Agencies must pick two workforce focuses for the next four years from OPM priority list

Agencies have to choose two out of four new focus areas to help improve their workforce over the next four years.

Deciding which options are most impactful gives agencies flexibility in how they approach new workforce objectives from the Office of Personnel Management.

Although OPM’s federal workforce priorities report, released on May 10, asks agencies to focus on only two of the four focus areas, implementing all four can help agencies resolve bigger workforce issues.

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Agencies have to choose two out of four new focus areas to help improve their workforce over the next four years.

Deciding which options are most impactful gives agencies flexibility in how they approach new workforce objectives from the Office of Personnel Management.

Although OPM’s federal workforce priorities report, released on May 10, asks agencies to focus on only two of the four focus areas, implementing all four can help agencies resolve bigger workforce issues.

Courtesy of Office of Personnel Management 2022 federal workforce priorities report

Among four primary priorities and four enabling priorities, OPM hopes agencies can implement proactive approaches to common issues, such as recruitment challenges.

“Agencies can no longer afford to react to workforce and technological changes when they occur,” OPM wrote.

Instead, OPM said agencies can better face those issues partly by using data to determine personnel costs, streamlining policy creation and adoption and recruiting a diverse and highly skilled workforce.

The new objectives come as agencies have to balance other workforce-related initiatives such as the President’s Management Agenda. The PMA, along with executive orders focusing on concerns like advancing equity, as well as the budget request’s focus on strengthening the federal workforce, drive the content of the new focus areas from OPM.

These focus areas also come just after OPM released the results of the 2021 Federal Employee Viewpoint Survey, which showed a decline in employee engagement and satisfaction. The priorities aim to make long-term strategic changes to the federal workforce partly in an effort to reverse those results.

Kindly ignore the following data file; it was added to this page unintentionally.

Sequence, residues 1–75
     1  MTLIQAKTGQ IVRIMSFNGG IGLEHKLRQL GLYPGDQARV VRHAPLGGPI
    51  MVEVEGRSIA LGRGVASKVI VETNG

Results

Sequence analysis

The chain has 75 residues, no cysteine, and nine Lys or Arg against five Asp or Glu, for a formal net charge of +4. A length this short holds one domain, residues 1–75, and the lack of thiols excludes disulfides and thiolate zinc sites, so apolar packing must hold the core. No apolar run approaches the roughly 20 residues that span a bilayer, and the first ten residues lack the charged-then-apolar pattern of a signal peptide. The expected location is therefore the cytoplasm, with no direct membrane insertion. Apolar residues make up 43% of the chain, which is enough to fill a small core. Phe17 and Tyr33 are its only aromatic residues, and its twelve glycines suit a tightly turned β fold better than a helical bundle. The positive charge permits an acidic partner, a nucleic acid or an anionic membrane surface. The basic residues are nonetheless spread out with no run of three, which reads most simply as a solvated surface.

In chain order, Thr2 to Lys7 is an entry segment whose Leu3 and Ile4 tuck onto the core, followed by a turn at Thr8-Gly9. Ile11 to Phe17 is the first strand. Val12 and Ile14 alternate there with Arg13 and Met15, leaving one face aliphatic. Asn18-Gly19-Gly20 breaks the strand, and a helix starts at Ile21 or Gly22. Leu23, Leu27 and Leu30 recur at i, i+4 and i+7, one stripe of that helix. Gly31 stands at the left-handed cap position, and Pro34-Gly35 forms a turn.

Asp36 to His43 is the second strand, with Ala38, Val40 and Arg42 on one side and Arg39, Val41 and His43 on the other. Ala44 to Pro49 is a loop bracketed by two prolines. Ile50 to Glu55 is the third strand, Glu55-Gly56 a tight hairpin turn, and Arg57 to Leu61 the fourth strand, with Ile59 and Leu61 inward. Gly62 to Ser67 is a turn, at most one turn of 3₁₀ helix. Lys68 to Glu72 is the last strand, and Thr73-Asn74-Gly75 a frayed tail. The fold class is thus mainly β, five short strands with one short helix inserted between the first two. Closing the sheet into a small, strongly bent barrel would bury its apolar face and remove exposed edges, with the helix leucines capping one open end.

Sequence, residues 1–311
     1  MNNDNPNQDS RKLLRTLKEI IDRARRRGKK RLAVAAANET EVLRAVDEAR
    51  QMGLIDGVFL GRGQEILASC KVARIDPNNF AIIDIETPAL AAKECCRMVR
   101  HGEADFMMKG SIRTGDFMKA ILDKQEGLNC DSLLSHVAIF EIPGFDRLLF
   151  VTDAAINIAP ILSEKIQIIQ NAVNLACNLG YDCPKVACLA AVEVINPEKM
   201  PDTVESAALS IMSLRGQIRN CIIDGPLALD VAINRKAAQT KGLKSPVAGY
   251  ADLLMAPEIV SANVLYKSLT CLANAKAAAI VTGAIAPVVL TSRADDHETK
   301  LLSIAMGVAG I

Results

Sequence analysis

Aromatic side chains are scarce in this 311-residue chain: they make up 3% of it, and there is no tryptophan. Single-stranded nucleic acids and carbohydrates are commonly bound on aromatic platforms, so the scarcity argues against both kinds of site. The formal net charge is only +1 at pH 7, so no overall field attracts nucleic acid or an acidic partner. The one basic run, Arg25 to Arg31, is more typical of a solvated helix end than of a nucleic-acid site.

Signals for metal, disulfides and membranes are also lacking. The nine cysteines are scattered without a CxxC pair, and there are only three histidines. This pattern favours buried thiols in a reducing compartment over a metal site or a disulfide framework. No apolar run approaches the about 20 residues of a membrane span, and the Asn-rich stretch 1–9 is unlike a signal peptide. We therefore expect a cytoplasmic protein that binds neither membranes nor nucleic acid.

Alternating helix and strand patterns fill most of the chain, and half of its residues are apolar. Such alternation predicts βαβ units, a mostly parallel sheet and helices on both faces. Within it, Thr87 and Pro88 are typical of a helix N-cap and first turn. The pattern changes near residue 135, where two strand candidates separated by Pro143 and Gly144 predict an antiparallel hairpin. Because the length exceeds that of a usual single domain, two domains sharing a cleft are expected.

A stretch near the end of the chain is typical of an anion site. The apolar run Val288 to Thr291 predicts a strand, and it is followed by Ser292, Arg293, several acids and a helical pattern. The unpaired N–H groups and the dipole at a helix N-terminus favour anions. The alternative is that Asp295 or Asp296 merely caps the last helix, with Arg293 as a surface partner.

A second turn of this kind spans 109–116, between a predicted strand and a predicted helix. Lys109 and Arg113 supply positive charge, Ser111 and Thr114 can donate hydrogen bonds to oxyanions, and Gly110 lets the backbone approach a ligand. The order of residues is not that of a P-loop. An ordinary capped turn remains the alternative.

The goals center on common themes for agencies, including modernizing information technology, building diversity and enhancing recruitment practices.

The workforce objectives are “designed to support the administration’s initiatives such as rebuilding the workforce, defining the future of work and creating a workforce that looks like the country it serves,” OPM wrote in its memo.

The four enabling priorities will inform the work of their two chosen primary priorities, OPM wrote in the report.

“The enabling priorities are critical for designing visionary strategies, identifying metrics for success and measuring progress over the next four years,” OPM wrote. “Agencies should focus their efforts on two primary priorities but recognize that they will need to use the concepts espoused by the enabling priorities to maximize their success.”

Some enabling priorities include using data effectively, improving customer experience and preparing for potentially disruptive events in the future.

Recruiting the next generation of federal employees, basing workforce decisions on relevant data and bolstering employee diversity, equity, inclusion and accessibility are among the end goals from the report.

With those goals in mind, OPM aligned the priorities with Biden administration initiatives. Each one is mapped to a piece of the PMA.

For example, the recruitment-centered federal workforce priority from OPM parallels the first and fourth strategies of the PMA’s first priority: strengthening and empowering the federal workforce.

Courtesy of Office of Personnel Management 2022 federal workforce priorities report

The report is the second of its kind, providing an update to OPM’s 2018 report, which outlined six priorities for agencies to implement. The new report does not eliminate the previous objectives. Instead, it builds on the last iteration.

With a new “crosswalk” concept, agencies can use focus areas from four years ago to continue informing their new priorities.

“Agencies should continue their efforts on the 2018 initiatives under an improved rubric,” OPM wrote.

Courtesy of Office of Personnel Management 2022 federal workforce priorities report

The report is intended to be a more generalized approach to policy changes, OPM said. It’s not a prescriptive way for human capital workers to adhere to strict rules or a timeline.

“Rather, the President’s Management Agenda and cross-agency priority goals create a process for establishing such governmentwide requirements, and when developing human capital goals, the report may be considered as a source for useful insights and strategies,” OPM wrote.

As they plan out how to approach these focus areas over the next four years, agencies should work closely with OPM to determine the best continued approach.

In addition to collaborating directly with OPM, agencies can use the Open Opportunities platform, which automatically matches users across government to different opportunities based on skills data. Using the platform will enhance agencies’ implementation of the workforce priorities by finding new approaches and effectively addressing challenges, OPM said.

“In this time of unprecedented change, it is essential that the agencies continue to collaborate and share promising practices in all aspects of human capital management. The eight priorities outlined in this report will continue to be evaluated and refined as the future unfolds,” OPM wrote.

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